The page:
Carleas wrote: But my point was that even if we take as a premise that a fetus is a human, and even a human person, it doesn't follow from that fact alone that abortion is immoral or that it should be illegal.


Well, it does if your moral narrative construes abortion to in fact be immoral. Whether as a result of the fact that you believe in a God, the God, my God, or as a Humanist, you believe that the unborn have a "natural right" to life.

My point is that, unlike with the law, one's moral values are predicated on what you believe to be true. An objectivist is not likely to think he or she is obligated to demonstrate that in fact abortion is immoral. On the contrary, it becomes immoral precisely because "in their head" they believe that it is.

Then it just comes down to the extent to which they are willing to accept that democracy and the rules of law is the "best of all possible worlds".

Unless of course I am not understanding your point.

Carleas wrote: Any effective defense of abortion should fall into that category, at least legally. And so I find the strongest defense to be as follows: a woman has a right to control her body, and that right trumps whatever right the fetus has. Just as we can't commandeer a kidney from an unwilling donor to save another person's life, we cannot commandeer an unwilling woman's body to incubate a child.


But, from my frame of mind, this is just one of many different political prejudices that different individuals come to embody in their interactions with others. Out in a particular world historically, culturally and interpersonally. I merely note in turn that, in my opinion, these value judgments are rooted more in the manner in which I construe the "self" as the embodiment of dasein. Rather than in a frame of mind one can acquire through a disciplined study of philosophy or a science.

iambiguous wrote:A God world or a No God world. And, in a No God world, what of the arguments of narcissists, sociopaths and, yes, particular moral nihilists, who view abortion as they do everything else: what's in it for me?


Carleas wrote: There are really two questions, alluded two above: one is moral, the other is legal. It may be that abortion is immoral but also that it should not be illegal (e.g. immoral because babies are good so the harm outweighs the good, but should be legal because the law should recognize bodily autonomy and personal agency over local harms).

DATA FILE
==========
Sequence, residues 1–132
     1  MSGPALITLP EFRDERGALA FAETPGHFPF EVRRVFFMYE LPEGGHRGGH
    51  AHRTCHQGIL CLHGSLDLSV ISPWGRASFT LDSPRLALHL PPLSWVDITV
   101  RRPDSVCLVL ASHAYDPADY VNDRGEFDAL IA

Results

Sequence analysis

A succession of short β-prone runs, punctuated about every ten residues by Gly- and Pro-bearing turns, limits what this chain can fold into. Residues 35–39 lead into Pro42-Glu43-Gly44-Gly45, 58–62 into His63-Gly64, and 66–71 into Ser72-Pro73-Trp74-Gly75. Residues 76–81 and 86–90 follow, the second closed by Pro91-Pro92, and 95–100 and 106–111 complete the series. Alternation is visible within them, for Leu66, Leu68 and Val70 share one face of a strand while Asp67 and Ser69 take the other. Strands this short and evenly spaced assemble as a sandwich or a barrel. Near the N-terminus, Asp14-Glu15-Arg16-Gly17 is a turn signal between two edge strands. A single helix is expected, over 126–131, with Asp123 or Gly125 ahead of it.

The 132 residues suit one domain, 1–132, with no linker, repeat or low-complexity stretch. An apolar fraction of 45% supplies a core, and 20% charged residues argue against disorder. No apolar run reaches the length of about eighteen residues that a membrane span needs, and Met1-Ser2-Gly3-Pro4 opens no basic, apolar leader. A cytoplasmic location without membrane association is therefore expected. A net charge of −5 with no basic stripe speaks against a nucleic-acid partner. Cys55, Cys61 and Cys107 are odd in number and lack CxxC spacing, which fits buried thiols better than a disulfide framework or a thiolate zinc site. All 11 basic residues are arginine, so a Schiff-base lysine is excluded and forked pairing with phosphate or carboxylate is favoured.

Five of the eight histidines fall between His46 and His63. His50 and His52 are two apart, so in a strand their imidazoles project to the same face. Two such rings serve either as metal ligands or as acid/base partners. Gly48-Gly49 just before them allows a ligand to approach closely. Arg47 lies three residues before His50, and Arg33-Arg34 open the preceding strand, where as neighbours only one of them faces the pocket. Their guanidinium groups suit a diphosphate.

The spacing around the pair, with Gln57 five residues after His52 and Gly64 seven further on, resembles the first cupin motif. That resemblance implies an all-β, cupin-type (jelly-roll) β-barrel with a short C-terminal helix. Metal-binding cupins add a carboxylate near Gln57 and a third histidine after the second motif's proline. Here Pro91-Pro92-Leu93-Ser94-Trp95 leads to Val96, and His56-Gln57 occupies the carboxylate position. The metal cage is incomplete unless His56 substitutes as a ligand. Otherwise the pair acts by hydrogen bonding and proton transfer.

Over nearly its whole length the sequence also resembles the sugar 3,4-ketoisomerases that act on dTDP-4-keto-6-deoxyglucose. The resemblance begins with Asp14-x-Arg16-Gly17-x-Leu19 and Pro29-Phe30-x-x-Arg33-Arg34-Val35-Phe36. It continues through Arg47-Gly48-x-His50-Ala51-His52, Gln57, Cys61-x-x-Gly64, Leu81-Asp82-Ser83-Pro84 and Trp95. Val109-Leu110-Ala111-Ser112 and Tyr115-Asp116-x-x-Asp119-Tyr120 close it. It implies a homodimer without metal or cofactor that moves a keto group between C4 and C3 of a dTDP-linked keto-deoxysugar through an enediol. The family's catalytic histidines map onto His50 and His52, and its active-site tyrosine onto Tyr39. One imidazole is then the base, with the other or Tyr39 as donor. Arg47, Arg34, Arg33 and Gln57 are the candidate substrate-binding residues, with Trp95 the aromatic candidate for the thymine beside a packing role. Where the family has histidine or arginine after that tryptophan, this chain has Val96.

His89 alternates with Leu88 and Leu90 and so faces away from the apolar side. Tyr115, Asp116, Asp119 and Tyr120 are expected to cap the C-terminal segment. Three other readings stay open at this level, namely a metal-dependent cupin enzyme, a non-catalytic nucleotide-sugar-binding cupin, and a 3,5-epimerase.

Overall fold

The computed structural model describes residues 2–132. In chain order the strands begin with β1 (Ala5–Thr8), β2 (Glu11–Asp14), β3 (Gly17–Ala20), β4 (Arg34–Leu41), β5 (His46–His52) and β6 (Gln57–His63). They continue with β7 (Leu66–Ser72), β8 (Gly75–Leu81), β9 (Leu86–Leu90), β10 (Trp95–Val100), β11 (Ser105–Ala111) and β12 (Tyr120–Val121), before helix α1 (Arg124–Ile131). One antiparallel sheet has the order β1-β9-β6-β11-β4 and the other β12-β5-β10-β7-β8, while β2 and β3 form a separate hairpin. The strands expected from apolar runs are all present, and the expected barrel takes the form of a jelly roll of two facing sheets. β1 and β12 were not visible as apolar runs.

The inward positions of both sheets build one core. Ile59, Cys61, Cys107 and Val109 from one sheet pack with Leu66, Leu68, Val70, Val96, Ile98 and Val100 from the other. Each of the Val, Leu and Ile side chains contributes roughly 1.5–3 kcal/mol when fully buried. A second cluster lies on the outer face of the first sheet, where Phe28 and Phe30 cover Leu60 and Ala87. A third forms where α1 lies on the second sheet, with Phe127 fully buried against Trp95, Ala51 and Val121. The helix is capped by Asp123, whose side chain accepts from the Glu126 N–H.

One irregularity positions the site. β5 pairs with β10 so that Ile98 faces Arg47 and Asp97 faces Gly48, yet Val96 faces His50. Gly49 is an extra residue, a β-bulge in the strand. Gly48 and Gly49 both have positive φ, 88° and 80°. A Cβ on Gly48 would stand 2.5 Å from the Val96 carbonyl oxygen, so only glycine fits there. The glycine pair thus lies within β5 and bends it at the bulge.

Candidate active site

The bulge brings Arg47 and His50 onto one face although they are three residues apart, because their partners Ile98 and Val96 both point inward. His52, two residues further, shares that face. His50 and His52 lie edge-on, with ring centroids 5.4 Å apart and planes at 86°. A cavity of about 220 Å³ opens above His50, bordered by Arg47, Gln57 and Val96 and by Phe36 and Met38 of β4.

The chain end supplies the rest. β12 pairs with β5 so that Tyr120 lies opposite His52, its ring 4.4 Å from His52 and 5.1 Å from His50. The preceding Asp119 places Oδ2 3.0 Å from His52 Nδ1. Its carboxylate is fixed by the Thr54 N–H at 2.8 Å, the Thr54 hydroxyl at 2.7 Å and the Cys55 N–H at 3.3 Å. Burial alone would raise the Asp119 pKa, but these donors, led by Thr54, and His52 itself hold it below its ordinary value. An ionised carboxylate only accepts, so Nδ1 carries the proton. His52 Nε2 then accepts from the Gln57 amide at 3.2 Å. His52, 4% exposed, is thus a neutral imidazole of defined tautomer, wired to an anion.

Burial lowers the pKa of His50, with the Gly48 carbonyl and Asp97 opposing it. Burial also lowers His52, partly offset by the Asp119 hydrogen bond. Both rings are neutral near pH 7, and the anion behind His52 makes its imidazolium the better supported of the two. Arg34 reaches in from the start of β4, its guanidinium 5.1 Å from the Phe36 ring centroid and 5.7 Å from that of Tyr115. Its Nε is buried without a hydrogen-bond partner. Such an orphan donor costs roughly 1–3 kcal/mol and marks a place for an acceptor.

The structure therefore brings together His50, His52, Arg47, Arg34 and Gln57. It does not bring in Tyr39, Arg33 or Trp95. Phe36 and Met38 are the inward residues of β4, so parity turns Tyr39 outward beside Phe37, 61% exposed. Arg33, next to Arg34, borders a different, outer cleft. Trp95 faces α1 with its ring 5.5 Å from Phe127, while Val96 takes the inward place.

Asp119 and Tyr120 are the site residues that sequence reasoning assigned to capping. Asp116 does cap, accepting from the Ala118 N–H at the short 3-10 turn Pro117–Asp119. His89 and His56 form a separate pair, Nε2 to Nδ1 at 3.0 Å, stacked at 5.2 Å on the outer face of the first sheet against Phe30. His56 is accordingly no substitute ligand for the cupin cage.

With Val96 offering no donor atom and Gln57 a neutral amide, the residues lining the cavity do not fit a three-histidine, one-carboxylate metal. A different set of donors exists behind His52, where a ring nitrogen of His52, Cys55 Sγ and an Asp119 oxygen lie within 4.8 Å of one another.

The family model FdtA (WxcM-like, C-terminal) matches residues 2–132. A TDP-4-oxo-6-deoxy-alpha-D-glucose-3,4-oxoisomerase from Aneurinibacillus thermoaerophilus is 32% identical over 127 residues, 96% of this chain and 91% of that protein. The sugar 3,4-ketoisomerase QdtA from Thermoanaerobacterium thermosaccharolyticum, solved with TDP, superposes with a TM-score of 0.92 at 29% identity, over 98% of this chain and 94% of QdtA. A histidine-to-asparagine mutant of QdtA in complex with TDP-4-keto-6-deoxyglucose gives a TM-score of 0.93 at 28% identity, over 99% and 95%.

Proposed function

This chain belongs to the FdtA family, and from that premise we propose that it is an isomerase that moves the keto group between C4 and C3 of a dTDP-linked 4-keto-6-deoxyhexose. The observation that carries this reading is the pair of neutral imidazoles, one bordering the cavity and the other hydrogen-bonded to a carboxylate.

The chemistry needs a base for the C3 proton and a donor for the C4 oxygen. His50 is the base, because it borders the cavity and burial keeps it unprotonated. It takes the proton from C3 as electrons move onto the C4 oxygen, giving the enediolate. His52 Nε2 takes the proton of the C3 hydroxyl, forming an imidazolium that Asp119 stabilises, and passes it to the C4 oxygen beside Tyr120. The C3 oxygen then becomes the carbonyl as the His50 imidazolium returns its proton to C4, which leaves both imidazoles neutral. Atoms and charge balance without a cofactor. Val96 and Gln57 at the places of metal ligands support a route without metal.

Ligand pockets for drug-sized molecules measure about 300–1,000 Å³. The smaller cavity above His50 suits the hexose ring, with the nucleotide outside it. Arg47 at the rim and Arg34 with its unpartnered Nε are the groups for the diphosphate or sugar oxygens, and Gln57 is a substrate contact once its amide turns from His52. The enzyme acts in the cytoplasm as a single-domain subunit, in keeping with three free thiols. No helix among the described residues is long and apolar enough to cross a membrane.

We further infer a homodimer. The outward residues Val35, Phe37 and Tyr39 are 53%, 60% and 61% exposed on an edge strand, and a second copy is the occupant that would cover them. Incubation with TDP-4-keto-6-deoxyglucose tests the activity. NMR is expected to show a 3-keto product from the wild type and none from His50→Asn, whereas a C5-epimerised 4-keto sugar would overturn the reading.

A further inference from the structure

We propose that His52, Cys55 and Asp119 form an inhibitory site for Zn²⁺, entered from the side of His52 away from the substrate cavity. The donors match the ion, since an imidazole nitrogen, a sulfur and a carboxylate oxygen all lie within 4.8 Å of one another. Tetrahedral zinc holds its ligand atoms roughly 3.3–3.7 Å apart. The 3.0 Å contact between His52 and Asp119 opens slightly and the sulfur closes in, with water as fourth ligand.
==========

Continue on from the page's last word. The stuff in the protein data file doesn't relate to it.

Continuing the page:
Yes, but for those who are only concerned with how any particular abortion makes their life better, the law is still on the books. If, in a political jurisdiction where abortion is illegal, they get caught either having an abortion or aiding and abetting someone else in getting one, they get punished no matter their moral assessment. But what's crucial [for me] is how they are able to rationalize/justify any behavior based solely on their own selfish interest. That a morality of this sort [in a No God world] is not able to be demonstrated by ethicists as necessarily irrational speaks volumes regarding the world that we live in. The global economy itself seems to be the embodiment of this amoral frame of mind.

Carleas wrote: And for the latter question, "what's in it for me" is a very promising foundation. We can justify quite a lot of law on the basis that it produces outcomes that benefit everyone (or at least most people): a strong presumption of control over ones own body has positive outcomes for everyone, so defending someone else's bodily autonomy benefits you to the extent you want to use recreational drugs or experimental medical procedures.


Though, clearly, in regard to abortion, what's in it for the pregnant woman and what's in it for the unborn baby is precisely what sparks the conflicting goods that the law is only able to address either through one or another extant rendition of might, right or moderation, negotiation and compromise.

I merely focus in turn on how any particular individual's moral assessment here is rooted more firmly in dasein than in philosophy. And that ultimately what counts out in the real world is less what we believe is best and more on who has the actual power to enforce one set of behaviors over another. The part where there are actual rewards and punishments [consequences] for what we do or do not do.